Habitat for Humanity’s Blitz Build will erect four homes in eight days
July 27, 2015
GYPSUM — They will build it because they come.
Almost seven dozen volunteers swarmed into the valley to build four homes in eight days.
It's called a Habitat for Humanity Blitz Build, and it's aptly named. Ambitious, to be sure, but nothing they haven't done before.
"It's fast, but I looked at the schedule this morning and we're right on it," said Bryan Brubaker with Beck Builds.
Beck has been working with the local Habitat affiliate for 20 years, providing a little gentle guidance and expertise for volunteer hammer swingers. They don't need much, Brubaker said.
"There's some good leadership among these volunteers," Brubaker said.
This is the first Blitz Built for Vail Valley Habitat for Humanity, and they're here in honor of the local affiliate's 20th anniversary.
They will build it because they come
They come from all around the country: Arizona, Alabama, Iowa … everywhere. They've done Blitz Builds in places like Hawaii, Iowa, Kansas … again, everywhere.
They do all kinds of things for a living. Steve Komonce is a tech writer in the nuclear power industry.
Their labor of love emphasizes labor. Volunteers are on the site by 6:45 a.m.
"It looks a little like chaos, but out of it all comes well built homes that are constructed with love," Komonce said.
Some are executives in finance — Thrivent Financial is one of the sponsors.
Laborers of love
It's work, but it's work you love, said Roy Zaborowski, chair of this Blitz Build group.
This particular group started together several years ago when most of them were working with Honeywell, the tech manufacturer. Eventually, Honeywell's powers that be wanted to work with groups besides Habitat.
That's great, but these folks had been working together for at least six years, and they like each other.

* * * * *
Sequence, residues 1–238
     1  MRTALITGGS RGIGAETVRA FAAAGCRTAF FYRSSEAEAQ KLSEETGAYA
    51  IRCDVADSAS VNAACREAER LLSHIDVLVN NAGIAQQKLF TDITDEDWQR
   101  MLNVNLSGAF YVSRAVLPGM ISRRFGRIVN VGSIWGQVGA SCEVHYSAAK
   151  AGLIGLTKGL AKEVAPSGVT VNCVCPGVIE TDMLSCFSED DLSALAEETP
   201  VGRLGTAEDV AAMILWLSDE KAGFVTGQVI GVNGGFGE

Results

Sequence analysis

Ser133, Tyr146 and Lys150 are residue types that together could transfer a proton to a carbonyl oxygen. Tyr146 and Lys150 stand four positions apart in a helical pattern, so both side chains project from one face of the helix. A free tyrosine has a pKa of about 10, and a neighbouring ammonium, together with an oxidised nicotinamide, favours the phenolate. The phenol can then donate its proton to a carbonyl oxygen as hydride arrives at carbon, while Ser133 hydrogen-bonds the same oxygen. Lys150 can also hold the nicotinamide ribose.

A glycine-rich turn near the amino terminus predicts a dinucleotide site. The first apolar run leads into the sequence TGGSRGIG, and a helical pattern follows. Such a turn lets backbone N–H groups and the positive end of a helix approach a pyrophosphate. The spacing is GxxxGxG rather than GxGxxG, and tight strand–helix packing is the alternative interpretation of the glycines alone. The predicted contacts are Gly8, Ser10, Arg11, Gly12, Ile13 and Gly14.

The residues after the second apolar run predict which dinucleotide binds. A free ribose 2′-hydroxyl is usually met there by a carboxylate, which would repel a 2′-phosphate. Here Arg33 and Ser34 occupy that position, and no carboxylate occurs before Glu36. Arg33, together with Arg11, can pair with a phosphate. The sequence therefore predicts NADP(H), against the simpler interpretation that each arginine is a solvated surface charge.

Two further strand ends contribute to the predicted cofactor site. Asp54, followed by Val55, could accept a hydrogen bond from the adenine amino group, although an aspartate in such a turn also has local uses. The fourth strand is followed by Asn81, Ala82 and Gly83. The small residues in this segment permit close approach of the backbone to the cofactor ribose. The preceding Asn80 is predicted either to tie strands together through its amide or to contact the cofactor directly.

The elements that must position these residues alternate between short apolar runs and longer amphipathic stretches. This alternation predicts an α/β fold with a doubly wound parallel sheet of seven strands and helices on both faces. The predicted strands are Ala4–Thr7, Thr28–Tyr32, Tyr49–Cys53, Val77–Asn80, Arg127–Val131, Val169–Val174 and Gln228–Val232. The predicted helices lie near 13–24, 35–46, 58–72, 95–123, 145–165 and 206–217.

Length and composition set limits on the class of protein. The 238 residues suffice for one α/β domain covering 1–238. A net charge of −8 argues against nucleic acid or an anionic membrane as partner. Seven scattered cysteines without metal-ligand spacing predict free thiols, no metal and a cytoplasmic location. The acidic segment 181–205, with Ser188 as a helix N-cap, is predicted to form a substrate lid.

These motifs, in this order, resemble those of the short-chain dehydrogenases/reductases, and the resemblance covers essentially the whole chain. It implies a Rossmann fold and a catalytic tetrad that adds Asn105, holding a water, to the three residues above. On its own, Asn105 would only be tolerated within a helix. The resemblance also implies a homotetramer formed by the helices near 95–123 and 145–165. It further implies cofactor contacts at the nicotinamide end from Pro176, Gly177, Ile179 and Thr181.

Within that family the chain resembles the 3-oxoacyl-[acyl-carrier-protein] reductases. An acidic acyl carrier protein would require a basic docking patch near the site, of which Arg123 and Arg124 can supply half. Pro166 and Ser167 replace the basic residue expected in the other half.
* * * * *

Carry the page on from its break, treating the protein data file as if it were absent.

"It's like a family reunion," Zaborowski said.
Every year they select one Habitat affiliate for a Blitz Build. Zaborowski said the mission is four-fold:
First is to publicize the need for low-cost housing. "In areas like this, many people don't realize the scope of service industry workers needed to look after all those high rollers," he said.
Second is to help the local affiliate grow. "It helps the local affiliate grow its volunteer base. People try it once and say, 'I can do that!'" Zaborowski said.
Third is to stimulate the local affiliate's donor base. "It usually takes 13-15 weeks to finish what we're going to do in eight days. Sponsors get a bigger bang for their bucks during a Blitz Build," Zaborowski said.
Fourth is the best. "It's fun." Zaborowski said.
Home grown homes
Volunteers also come from the Vail Valley. On the day we were wandering around the site, big crews from the town of Vail and Vail Resorts were dancing the construction fandango.
"Home ownership is so important and Habitat for Humanity makes such a big difference for so many families and so many kids. Vail Resorts loves to support this program," said Kristin Williams with Vail Resorts.
And there's this.
"There is nothing like giving a girl a hammer," she said.
Mostly, though, they're just happy to be helping.
"We're happy to be serving the community and helping people," said Mark Novak with the town of Vail.
Dana Erickson is with Thrivent Financial, Habitat for Humanity International's largest corporate sponsor. Their shirts read, "Live generously."
"Thrivent has been part of Habitat building more than 500 homes in 75 countries," Erickson said.
"These were a flat deck yesterday," said Cal Wettstein, construction supervisor with the local Habitat affiliate, waving his arm at the homes quickly taking shape. "We'll be flying trusses on Saturday (July25) ."
That's tomorrow, Cal.
"Oh wow, really?! Well, we'll still be flying trusses."
Bob Baker has been with the local Habitat affiliate since it started in 1996. He has never been involved in a Blitz Build, and is thrilled with it. He's not a bit apprehensive about the ambitious timetable.
"There are lots of skilled people. We're going to get this done," he said.